2. Use a free VPN. We don’t recommend these for long term, or for streaming a long film for example, but they actually can work pretty well. I use VPN Master on my iPad. While it only has 6 servers, it does the job and only disconnects every so often …! For browsing around the net it works fine. You can also for the VIP service to get access to more servers, but I’m not sure how much better this is.
3. Subway Card
In a big city like Beijing, there’s always loads to do but it can take up a lot of your time and budget. The best way to get around is by far the subway. It’s quick, easy to use and so cheap! All of the signs are in both Chinese and English, and most stations have a map. It’s a really good idea to download the subway app Explore BJ though. Not only does it tell you how long your journey will take, it tells you the price too. We always use it to find the best way to get from A to B!
How to get it
The subway card is easy enough to get – you can pick one up from any station. You have to deposit 20RMB and then you can put on whatever you like extra to pay for your journeys. Bear in mind that most journeys will cost you 3 or 4RMB – I think you can get the money back if you return the card and there’s loads still on there but if you want to keep it as a souvenir then don’t put too much on.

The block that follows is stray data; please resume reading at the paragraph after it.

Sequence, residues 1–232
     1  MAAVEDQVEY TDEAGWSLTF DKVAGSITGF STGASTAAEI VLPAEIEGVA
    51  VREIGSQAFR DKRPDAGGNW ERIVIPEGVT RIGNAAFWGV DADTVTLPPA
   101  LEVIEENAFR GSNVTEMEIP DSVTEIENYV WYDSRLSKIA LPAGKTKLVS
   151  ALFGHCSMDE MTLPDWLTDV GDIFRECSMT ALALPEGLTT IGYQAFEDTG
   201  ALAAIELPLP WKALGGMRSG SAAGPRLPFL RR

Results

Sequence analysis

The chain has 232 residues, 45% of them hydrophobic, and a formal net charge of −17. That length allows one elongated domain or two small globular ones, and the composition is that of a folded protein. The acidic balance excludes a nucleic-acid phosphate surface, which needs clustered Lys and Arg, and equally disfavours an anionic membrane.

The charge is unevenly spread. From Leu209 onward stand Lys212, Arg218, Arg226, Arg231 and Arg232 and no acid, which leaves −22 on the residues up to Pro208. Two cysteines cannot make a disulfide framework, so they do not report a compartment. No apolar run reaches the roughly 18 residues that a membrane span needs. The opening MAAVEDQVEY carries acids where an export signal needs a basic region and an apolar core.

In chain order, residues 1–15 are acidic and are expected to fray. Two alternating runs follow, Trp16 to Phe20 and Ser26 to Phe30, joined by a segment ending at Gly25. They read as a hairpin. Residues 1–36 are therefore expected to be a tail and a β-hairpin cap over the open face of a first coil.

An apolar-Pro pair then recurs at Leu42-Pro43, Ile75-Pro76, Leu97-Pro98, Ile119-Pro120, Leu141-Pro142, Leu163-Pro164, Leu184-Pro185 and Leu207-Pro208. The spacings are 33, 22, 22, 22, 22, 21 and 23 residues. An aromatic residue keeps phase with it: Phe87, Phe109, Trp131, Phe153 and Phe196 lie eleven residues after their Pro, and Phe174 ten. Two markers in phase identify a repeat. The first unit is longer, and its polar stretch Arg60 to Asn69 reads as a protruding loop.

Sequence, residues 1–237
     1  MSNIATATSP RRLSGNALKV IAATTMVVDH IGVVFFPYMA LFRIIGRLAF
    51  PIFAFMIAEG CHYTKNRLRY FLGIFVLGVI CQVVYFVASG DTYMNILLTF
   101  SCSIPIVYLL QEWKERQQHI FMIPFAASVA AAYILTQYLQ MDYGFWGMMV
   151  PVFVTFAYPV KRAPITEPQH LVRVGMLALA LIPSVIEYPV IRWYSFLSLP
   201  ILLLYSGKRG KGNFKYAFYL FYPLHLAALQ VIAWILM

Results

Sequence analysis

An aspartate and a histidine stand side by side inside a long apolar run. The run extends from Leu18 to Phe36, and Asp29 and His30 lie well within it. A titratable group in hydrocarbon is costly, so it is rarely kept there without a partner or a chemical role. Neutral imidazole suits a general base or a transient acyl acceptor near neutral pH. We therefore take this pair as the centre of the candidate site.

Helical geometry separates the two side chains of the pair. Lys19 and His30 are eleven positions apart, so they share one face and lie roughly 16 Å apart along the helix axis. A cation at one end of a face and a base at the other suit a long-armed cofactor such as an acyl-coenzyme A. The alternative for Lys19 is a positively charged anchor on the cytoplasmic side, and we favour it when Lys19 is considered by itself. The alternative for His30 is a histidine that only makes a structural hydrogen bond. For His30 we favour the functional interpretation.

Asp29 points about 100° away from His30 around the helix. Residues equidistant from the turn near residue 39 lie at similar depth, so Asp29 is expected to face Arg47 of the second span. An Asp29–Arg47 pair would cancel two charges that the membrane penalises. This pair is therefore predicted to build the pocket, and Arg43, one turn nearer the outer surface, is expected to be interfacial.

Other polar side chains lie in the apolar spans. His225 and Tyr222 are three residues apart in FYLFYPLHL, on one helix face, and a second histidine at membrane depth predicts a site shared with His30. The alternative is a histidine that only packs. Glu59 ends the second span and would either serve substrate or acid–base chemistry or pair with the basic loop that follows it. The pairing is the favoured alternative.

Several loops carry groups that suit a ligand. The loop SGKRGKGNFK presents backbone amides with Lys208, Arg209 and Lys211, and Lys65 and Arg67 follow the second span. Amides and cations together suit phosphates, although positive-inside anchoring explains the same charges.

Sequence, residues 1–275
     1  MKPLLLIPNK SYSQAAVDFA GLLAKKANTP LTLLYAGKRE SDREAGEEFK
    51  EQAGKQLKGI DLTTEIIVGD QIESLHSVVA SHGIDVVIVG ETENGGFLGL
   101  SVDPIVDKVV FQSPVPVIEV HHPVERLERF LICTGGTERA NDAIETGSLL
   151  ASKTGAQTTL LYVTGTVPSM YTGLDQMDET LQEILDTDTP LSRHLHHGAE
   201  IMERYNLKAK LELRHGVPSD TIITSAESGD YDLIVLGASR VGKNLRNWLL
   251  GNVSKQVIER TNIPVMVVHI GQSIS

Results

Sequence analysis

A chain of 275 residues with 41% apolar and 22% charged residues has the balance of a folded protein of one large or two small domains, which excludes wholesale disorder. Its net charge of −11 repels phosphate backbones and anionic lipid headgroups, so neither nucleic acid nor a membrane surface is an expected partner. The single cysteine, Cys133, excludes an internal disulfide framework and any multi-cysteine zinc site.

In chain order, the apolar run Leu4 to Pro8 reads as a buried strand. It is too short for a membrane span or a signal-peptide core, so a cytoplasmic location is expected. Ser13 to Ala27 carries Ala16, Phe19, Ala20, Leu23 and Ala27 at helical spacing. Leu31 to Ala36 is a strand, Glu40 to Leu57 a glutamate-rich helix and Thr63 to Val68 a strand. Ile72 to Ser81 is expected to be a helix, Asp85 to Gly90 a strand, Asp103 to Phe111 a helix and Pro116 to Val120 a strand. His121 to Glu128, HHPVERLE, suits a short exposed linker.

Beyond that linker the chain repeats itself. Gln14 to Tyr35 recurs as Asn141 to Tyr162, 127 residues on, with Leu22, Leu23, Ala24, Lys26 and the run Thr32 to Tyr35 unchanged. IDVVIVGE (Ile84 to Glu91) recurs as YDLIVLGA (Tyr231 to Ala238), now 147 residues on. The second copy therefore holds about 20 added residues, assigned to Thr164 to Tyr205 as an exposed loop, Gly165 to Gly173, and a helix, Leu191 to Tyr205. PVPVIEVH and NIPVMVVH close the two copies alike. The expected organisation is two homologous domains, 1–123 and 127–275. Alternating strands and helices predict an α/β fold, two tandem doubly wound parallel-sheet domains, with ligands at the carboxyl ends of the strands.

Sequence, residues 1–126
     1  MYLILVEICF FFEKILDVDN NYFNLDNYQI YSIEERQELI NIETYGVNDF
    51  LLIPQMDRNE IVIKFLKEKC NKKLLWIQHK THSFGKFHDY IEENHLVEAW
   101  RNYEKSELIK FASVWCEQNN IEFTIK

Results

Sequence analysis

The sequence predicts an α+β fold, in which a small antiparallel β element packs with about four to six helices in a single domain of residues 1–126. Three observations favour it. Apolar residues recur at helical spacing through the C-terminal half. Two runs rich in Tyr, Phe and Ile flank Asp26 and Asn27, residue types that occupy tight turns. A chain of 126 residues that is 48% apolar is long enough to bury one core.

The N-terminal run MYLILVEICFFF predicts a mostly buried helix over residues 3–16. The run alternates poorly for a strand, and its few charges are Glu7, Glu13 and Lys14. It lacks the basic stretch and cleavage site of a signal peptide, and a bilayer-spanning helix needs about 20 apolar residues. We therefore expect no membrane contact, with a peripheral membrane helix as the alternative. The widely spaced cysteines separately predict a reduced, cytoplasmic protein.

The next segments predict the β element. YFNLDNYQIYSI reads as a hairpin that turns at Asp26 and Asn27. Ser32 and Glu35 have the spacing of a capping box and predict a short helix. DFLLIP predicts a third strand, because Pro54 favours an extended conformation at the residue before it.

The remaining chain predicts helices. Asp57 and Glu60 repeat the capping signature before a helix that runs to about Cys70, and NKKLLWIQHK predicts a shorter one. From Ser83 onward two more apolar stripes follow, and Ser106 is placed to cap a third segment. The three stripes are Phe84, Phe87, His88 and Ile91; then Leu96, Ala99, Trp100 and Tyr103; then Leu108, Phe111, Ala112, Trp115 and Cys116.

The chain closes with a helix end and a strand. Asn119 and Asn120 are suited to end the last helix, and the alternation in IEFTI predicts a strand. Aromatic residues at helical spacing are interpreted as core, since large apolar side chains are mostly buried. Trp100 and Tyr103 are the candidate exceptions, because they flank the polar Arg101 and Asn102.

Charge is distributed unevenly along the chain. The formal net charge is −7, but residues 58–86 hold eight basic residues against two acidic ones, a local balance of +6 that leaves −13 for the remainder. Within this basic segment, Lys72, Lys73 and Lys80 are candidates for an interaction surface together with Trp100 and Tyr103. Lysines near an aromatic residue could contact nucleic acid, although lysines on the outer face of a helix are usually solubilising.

You can always add to the card from the machines at the stations or at the kiosk. Using the subway card doesn’t save you any money, it just makes it quicker and easier to get where you want to be because you don’t have to queue up each time.
You can also use this card on the buses, which are even cheaper (1RMB!), but unless you can read Chinese characters or are with someone who can, I doubt you will get on a bus. We have been on a few routes as we live here, but as a visitor don’t stress yourself out too much about the buses. The chances are the road traffic will make your journey longer anyway.
Unfortunately this made the list because the winter is starting here in Beijing and it’s bringing with it some dirty smoggy days! If you’re here in the summer, you’re unlikely to need one but you might want to take one just in case, especially if you suffer from breathing problems anyway.
You should buy a mask in the winter even if you’re here for a short while. When you wake up for a day of sightseeing and the sky is a murky, browny yellow you’ll understand why! If you’re moving to Beijing to live, then stock up on those bad boys because you don’t want to be using the same old mask every day – so many yucky germs living there, I’m sorry to say, from your own face!!
Where to buy